# Charge on point charge to create a spark

1. Nov 2, 2013

### chicagobears34

1. The problem statement, all variables and given/known data
Suppose a free electron in air is 1.1cm away from a point charge. What minimum charge must this point charge have to cause a breakdown of the air and create a spark?

I already have the Electric field and force, which I solved to be
E=7.2x10^6 N/C
F=1.2x10^-12 N
2. Relevant equations
F=(k*q1*q2)/r^2
f=Eq

3. The attempt at a solution
I tried using F=kq1q2 / r^2 and plugging in .011m in as r and then using q1=q2=charge of electron.
Then I did F=Eq and solved for q but i did not get the correct answer.
How should I be approaching this problem?

2. Nov 2, 2013

### hjelmgart

Well, what type of course is this? Electromagnetism or quantum mechanics? I think there are several ways to confront this problem, but it kinda depends on which course it is. Besides a free electron in air is kinda wrong.

The air between the electron and the charge represents some potential energy barrier. The point charge needs to have an energy large enough to move the electron 1.1 cm.

Now I don't understand how you calculated the electric field, though. It seems you need to use Coulombs law, which includes the charge of the point charge as well?

You should use the electrostatic potential energy to solve this, I think.

3. Nov 2, 2013

### chicagobears34

This class is just physics II and should just be a Coulomb's law problem, but I'm not sure what other ways to approach the problem other than the way I already tried

4. Nov 2, 2013

### haruspex

I don't know how you arrived at
The field will depend on the magnitude of the point charge.
Presumably the point charge is positive. On the face of it, it's just a question of whether the field exceeds the breakdown strength of dry air (3.3*106 N/C). But that's for rounded surfaces, so I don't know how it applies here.
There is no minimum field for that, the electron will surely drift into the +ve point charge. The question is whether the field strength is sufficient to break down the air dielectric, generating a cascade of electrons long before the free electron can travel the distance.

5. Nov 2, 2013

### chicagobears34

this was a 4part question and the previous parts solved for the acceleration, force, and electric field.
The parts usually needed variables from the previous part to solve the answer. I got the field and force right and I figure they might need to be used to solve for the charge needed to spark, which was why I included them.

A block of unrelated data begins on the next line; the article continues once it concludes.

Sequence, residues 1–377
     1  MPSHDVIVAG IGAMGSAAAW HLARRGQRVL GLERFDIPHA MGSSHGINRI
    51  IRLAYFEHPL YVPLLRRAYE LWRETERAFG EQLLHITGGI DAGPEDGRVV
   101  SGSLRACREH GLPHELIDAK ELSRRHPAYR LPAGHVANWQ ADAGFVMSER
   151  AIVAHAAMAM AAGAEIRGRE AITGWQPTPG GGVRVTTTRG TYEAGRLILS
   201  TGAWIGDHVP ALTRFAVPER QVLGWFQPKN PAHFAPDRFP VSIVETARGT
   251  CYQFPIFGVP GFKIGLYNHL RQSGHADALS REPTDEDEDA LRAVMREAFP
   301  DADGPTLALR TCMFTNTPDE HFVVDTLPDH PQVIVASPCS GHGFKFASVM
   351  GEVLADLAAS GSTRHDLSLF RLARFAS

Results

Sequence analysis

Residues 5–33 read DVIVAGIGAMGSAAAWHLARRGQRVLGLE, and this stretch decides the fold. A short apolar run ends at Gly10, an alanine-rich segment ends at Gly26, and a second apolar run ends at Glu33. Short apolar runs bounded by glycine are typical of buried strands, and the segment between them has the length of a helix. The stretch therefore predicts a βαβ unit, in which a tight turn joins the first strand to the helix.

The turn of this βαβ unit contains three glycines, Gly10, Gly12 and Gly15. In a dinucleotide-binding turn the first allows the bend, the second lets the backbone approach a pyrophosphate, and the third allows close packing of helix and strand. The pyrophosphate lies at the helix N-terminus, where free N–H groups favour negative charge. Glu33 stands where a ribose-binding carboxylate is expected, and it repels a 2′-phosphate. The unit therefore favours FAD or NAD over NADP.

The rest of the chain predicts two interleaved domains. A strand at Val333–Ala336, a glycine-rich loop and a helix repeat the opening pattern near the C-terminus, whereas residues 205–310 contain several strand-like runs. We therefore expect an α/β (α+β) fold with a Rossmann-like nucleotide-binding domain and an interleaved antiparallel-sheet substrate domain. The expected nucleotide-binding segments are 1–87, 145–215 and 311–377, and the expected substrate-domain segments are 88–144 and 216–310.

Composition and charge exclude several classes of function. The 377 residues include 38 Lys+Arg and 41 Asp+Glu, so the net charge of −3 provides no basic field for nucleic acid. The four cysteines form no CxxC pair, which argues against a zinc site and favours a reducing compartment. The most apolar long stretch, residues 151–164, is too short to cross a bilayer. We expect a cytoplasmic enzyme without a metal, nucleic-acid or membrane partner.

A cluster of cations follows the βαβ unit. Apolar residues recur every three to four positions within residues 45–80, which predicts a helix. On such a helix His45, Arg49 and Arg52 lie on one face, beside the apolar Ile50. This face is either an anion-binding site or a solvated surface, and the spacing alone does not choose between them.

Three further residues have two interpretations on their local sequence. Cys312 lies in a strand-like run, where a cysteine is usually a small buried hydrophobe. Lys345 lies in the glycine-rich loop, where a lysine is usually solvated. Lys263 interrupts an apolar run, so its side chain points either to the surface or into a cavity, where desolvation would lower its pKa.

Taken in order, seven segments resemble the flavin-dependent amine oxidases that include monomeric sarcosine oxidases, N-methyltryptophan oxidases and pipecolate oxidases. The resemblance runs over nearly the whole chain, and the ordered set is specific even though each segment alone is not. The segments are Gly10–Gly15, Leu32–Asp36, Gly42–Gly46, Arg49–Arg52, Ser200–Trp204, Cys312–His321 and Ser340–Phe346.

6. Nov 2, 2013

### haruspex

But this part asks you to find the value of the charge that will have a certain consequence, and the strength of the field will depend on that charge, so whatever field you previously calculated cannot be relevant.
Maybe you should post all the parts.

7. Nov 3, 2013

### chicagobears34

Part A:
The average distance an electron travels between collisions is 2.0μm . What acceleration must an electron have to gain 2.3×10^−18J of kinetic energy in this distance?
a=1.3x10^8 m/s^2

Part B:What force must act on an electron to give it the acceleration found in part A?
F=1.2x10^-12 N

Part C: What strength electric field will exert this much force on an electron? This is the breakdown field strength. Note: The measured breakdown field strength is a little less than your calculated value because our model of the process is a bit too simple. Even so, your calculated value is close.
E=7.2x10^6 N/C

8. Nov 3, 2013

### haruspex

OK, that makes it clearer. So the field you calculated is the field you need to generate from the point charge at a source of electrons to generate a spark. So, what point charge will produce this field at the given distance?

9. Nov 3, 2013

### chicagobears34

Do I maybe set Kqq/ r^2 = Eq and solve for the q? We never covered the material in class yet, but the homework was assigned. Not exactly sure what other equations relate r with q other than kqq/r^2

10. Nov 3, 2013

### haruspex

The charge of the electron is not relevant. If you have a point charge q, what is the field strength at distance r from it?

11. Nov 3, 2013

### chicagobears34

oh I found one equation E=kQ/d^2
could that be it?

12. Nov 3, 2013

### haruspex

That's the one.